It’s Bastille Day! La Fête nationale, The National Celebration, The French Revolution!
I can’t help but think of Champagne on a day like this, and what better way to celebrate than pop a bottle of bubbles and yell “Vive La France!”
Here are my top 5 Champagnes that could have been used to celebrate the revolution!
1. Gosset Grande Rose Brut
I love the Gosset Grande Rose Brut. Complex aromas and flavors of yeast, apple and dried flowers mark this effusive, fresh rose. Nice weight and balance, with everything in the right proportion. Founded in Aÿ in 1584 by Pierre Gosset, Gosset is the oldest wine house in Champagne. It also remains one of the most prestigious, considered by many collectors and connoisseurs as the world’s preeminent name in luxury champagne. In 2009, this storied winemaker celebrated a landmark 425-year anniversary.
2. Ruinart Blanc de Blancs
This is a serious Champagne. Smoky and focused, with an intense acidity and tightly knit flavors of white peach, chamomile, crystallized honey, pickled ginger and pink peppercorn. It exhibits lovely texture and offers a long, mineral-tinged finish. Ruinart is the oldest producer of champagne, officially founded in 1729 by Nicolas Ruinart, who was the nephew of the monk Dom Thierry Ruinart. This was the dawn of champagne – prior to 25 May 1728, the wine of champagne was not allowed to be commercially transported in bottles.
3. Taittinger Brut La Francaise
The French Brut, How quintessentially French and perfect for the 14th of July! A mouthwatering version, with a fine, lacy mousse and delicate flavors of poached apple, blackberry, beeswax and lemon confit underscored by a streak of smoky minerality that echoes on the finish. Champagne Taittinger was established in 1931 by Pierre Taittinger on the foundations of Forest-Forneaux, itself established in 1734 and the third-oldest wine producing house of Champagne.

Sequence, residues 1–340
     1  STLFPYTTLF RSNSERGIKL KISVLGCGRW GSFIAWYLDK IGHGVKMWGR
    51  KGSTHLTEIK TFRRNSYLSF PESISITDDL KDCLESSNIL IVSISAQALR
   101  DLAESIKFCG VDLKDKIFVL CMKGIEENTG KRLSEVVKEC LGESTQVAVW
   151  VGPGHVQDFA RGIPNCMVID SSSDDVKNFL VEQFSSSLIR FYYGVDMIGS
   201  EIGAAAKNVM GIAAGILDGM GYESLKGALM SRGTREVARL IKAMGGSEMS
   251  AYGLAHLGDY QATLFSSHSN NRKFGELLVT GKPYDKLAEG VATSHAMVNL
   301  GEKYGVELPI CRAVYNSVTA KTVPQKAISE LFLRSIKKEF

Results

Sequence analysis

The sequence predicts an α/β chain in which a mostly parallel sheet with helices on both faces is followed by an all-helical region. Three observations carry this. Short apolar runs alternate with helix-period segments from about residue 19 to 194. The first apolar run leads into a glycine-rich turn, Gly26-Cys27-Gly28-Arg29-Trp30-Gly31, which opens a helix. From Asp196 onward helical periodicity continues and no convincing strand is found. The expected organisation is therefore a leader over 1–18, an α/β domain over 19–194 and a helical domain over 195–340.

4. Moet & Chandon Imperial
I’m a huge fan of irony and I can’t of thing more ironic than celebrating the fall of the monarchy with an imperial wine! This spectacular wine replaces White Star as the flag bearer for the brand. It is a stunning improvement with a lovely citrus nose that shows hints of white flowers, minerals and brioche; it is smooth textured with graceful structure, bright acidity and showing long, precise and vivid flavors. The largest Champagne house in France, Moët et Chandon was founded in 1743 by Claude Moët.
5. Veuve Clicquot La Grande Dame 2004
The French gave us one of our most enduring symbols of America, the Statue of Liberty, and it would only be fair if we drank the “Le Grande Dame” and think of it as our own Lady Liberty! A fine and lacy mousse is draped over a firm frame of well-integrated acidity, belying the complexity of this elegant Champagne. A delicately woven tapestry of black currant, pie crust, chalk, spring blossom and lemon zest flavors ends with a lasting note of smoke-tinged minerality. The House was founded by Philippe Clicquot in 1772. Since its inception, Veuve Clicquot has been a specialist in Champagnes based on Pinot Noir. Widow Clicquout (Veuve) took over in 1810.